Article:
If a doctor appeared reluctant to accept cash, GSK “salespeople” would offer them “gifts, free travel after meetings and lecture fees.”
“In fact, many doctors received lecture fees even when the lectures did not exist,” Xinhua reported. [Source]
Seretide is a drug manufactured and marketed by GSK, a drug used in the treatment of…you’ve guessed it, respiratory problems. It’s also the same drug that Reilly referred to in his 2010 presentation [Fig 1]
“Less than 1m current patients on Seretide”
What better way to increase the number of patients on Seretide than to offer cash incentives to doctor’s who prescribe it!
Putting the Chinese scandal aside for just one moment. Let’s just focus on a BBC Panorama programme that aired a few weeks ago in the UK.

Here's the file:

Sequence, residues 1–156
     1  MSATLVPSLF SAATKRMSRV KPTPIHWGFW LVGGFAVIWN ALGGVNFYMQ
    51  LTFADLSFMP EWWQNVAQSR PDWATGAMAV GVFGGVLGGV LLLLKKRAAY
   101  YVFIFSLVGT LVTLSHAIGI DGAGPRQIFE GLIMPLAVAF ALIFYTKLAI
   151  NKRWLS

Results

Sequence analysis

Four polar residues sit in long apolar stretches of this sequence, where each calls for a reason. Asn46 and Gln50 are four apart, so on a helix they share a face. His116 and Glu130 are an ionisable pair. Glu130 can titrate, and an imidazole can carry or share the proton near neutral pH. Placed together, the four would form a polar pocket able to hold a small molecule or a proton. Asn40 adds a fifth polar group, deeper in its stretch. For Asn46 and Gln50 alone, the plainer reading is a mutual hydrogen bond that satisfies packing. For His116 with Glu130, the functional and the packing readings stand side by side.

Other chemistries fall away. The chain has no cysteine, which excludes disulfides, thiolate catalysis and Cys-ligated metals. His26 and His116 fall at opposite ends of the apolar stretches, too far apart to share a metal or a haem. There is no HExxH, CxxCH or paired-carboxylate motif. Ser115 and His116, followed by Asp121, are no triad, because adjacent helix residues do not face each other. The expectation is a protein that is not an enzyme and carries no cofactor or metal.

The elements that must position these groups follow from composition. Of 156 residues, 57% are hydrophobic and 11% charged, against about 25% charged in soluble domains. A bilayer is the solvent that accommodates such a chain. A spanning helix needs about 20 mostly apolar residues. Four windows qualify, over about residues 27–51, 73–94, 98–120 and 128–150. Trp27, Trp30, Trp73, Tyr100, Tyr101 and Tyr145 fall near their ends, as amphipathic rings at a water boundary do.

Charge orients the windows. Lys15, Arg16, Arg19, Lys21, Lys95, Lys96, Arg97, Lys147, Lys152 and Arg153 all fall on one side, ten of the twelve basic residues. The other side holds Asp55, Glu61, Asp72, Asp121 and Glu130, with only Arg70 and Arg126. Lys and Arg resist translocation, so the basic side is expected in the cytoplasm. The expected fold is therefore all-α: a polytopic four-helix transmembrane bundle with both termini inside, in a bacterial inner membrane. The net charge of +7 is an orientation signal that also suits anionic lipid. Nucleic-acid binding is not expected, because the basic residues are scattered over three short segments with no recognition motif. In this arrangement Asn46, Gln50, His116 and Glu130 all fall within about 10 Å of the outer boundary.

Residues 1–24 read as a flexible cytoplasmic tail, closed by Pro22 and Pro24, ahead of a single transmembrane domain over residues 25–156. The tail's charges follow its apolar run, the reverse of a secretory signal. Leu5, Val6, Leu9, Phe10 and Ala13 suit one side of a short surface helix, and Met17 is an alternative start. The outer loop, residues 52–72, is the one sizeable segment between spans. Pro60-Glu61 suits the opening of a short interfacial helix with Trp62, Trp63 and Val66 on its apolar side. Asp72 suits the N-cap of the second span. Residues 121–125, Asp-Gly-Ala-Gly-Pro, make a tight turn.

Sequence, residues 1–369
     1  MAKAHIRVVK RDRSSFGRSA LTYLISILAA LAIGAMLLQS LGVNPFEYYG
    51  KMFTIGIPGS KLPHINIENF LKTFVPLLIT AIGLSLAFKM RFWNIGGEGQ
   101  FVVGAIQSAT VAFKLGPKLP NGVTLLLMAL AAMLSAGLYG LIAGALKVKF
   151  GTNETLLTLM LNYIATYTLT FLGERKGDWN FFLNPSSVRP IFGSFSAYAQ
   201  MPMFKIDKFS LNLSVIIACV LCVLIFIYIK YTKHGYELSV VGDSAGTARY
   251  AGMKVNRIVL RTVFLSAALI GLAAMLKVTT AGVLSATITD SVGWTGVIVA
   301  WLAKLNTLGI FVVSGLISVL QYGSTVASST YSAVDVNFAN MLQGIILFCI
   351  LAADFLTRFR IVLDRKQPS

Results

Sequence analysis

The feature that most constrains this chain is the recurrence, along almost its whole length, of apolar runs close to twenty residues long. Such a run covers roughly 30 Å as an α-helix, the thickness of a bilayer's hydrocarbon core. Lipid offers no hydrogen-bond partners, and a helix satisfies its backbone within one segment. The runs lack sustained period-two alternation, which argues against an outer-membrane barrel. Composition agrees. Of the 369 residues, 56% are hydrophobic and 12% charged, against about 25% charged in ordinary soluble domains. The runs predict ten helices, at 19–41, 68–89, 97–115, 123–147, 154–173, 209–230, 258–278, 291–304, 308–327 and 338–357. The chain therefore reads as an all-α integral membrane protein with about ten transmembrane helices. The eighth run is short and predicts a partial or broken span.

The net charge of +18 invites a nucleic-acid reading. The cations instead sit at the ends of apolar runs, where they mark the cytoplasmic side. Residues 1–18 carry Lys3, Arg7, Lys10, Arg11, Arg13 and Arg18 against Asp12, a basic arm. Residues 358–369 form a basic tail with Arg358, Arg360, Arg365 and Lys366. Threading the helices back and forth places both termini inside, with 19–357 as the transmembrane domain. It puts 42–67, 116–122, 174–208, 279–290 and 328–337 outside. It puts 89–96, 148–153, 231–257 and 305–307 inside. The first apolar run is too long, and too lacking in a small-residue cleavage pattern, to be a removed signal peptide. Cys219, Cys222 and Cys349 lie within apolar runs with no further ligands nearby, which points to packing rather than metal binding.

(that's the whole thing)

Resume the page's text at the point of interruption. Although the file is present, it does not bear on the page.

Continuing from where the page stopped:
Panorama’s ‘Who’s paying your doctor?‘ saw investigative journalist Shelley Jofre unearth new evidence that Glaxo were pretty much doing the same thing in Poland.
Jarek Wisniewiski, who worked as a sales rep for GSK Poland for eight years told Panorama that in 2010, he worked on a marketing programme across Poland to promoteSeretide. He said that, on paper, money was provided for educating patients about the drug but claims it was, in reality, paying doctors to prescribe more of the medicine. He added…
“I pay for education and in the same meeting I said that I need more prescriptions for Seretide. So … they knew exactly for what I pay.” [Source]
So, how did we get from one illegal promotional push of Seretide in China to another illegal promotional push of Seretide in Poland. The two countries are miles apart.